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‘Thousands of Israeli ultranationalists rallied Tuesday against a Gaza pullout,” began a Reuters news dispatch on Wednesday, August 3. Is this an accurate or a biased description on Reuters’s part?

“Ultra” is an odd prefix because it can have either a positive, negative or neutral connotation depending on what word it goes with. On the other hand, if we call someone “ultra-honest” or “ultra-efficient,” clearly we are praising him. If we say that a new technology is “ultra-modern,” we are not necessarily either for or against it. And in still in other contexts, especially political ones, “ultra” is pejorative. Labeling a politician “ultra-conservative” or “ultra-liberal” is rarely meant as a compliment. Rather, the implication is that while being conservative or liberal may be perfectly acceptable, being “ultra” is not. This is one reason that very observant Jews dislike being called “ultra-Orthodox,” since the word “Orthodox” in such a combination seems more analogous to “conservative” or “liberal” than to “honest,” “efficient” or “modern.”

“Ultra,” which in Latin means “beyond” or “on the far side of,” has had such multiple senses in English and other European languages for a long time. Its transition from a neutral, largely geographical term, as in such coinages as “ultramundane” (beyond the physical world) or “ultramarine” (beyond the sea), to a negatively used political one began with the French ultramontane. Originally meaning “beyond the mountains” and denoting all of Italy beyond the Alps, ultramontane came to refer in the 17th century to those elements in the French Catholic church that supported the absolute authority of the Pope in Rome while opposing any autonomy for the French clergy. Inasmuch as ultramontane denoted an extreme pro-Papist, its prefix was interpretable as meaning “beyond” not just geographically but politically, as well.

It was only with the French Revolution, however, that “ultra” in the political sense came into its own. Having the example of ultramontane before them, the more moderate revolutionaries, especially the faction grouped around Georges Jacques Danton, took to calling the more radical revolutionaries les ultrarévolutionnaires, or simply les ultras, while referring to themselves as les citras, from the Latin citra, “on the near side of.” The actual coiner of the phrase seems to have been Danton’s comrade, Camille Desmoulins.

“Ultra” was popularized further by the Counterrevolution, the period of royalist reaction in France that followed Napoleon’s final defeat at Waterloo in 1815. Reinstalled in power, the French royalists were at first dominated by the figure of King Louis XVIII, a younger brother of Louis XVI, who was executed by the revolutionaries in 1792. (The second eldest brother, Louis XVII, as he was called by the anti-revolutionary nobility, died in 1795.)

Conciliatory in his policies toward the deposed revolutionaries and the Napoleonists, Louis XVIII sought to establish a constitutional monarchy. In this he was opposed by a faction, led by the youngest of his brothers, the Count of Artois, that called for a return to absolute monarchy and that came to be known as les ultraroyalistes. By 1820, Louis XVIII had ceded control of the French government to these ultraroyalists, as they were now known in England, as well. After Louis’s death, the Count of Artois ruled as Charles X from 1824 to 1830. Then he was unseated by a popular uprising.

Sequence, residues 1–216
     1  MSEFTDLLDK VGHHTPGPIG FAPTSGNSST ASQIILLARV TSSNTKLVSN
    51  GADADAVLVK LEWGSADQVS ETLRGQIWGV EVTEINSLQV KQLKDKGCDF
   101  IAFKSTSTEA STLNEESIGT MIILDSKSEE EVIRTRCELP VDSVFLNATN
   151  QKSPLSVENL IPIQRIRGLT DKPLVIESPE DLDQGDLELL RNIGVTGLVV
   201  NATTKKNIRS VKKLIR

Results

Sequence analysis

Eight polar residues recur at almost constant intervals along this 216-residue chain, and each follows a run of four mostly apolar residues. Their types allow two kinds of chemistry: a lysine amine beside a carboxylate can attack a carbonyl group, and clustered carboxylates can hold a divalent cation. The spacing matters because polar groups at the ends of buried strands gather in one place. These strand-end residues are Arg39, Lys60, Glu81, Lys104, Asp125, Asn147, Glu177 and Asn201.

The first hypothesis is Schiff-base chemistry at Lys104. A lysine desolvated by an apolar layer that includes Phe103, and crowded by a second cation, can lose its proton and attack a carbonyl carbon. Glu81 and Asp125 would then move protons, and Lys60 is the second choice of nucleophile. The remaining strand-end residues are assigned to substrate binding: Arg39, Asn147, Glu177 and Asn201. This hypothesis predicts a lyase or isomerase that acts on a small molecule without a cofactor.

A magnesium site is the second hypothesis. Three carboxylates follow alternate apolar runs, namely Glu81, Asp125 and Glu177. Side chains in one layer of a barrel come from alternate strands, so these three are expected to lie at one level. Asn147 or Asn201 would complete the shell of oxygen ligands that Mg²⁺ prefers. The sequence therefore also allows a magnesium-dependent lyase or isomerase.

Yet although this put an effective end to ultraroyalism in France, it was only the start of “ultra”’s political career. By the end of the 19th century, the English language had such words as “ultra-Anglican,” “ultra-democrat,” “ultra-episcopal,” “ultra-federalist,” “ultra-liberal,” “ultra-radical,” “ultra-Protestant” and a host of others, and the number has grown steadily ever since.

But let’s return to our original question: Is it accurate of Reuters to refer to the anti-disengagement protesters in Israel as “ultranationalists”?

On the face of it, such a description seems fair enough. After all, many of these protesters do, after all, come from an extreme end of the Israeli political spectrum, and many Israelis who would consider themselves, too, to be Israeli or Jewish “nationalists” look at the anti-disengagement activists, with their call for mass civil disobedience and military insubordination, as being beyond the pale of political acceptability. If this is not “ultranationalism,” one might ask, what is?

And yet there is something troubling about Reuters’s usage. A quick Internet check reveals that, to date, Reuters’s news articles have used the expression “ultranationalist Israeli” 4,020 times and “ultranationalist Jew” 839 times, while not using “ultranationalist Palestinian” even once. Can this be called anything but biased?

But perhaps, you might object, Reuters uses other “ultra”-terms for Palestinian extremists. What about them?

Indeed, what about them? For example, Reuters likes to call Palestinians who kill Israelis “militants.” Are there any Palestinian “ultramilitants” in Reuters?

Not one.

Perhaps, then, “Palestinian ultra-Islamists”?

Not one, although there are plenty of “Taliban ultra-Islamists” and a smattering of “ultra-Islamists” from Chechnya and other places, too.

Maybe just “Palestinian ultras”?

Not one.

For Reuters, it seems, only Jews can be “ultra” in the Israeli-Palestinian conflict. That’s pretty ultra itself. Ultra-anti-Israeli, in fact.

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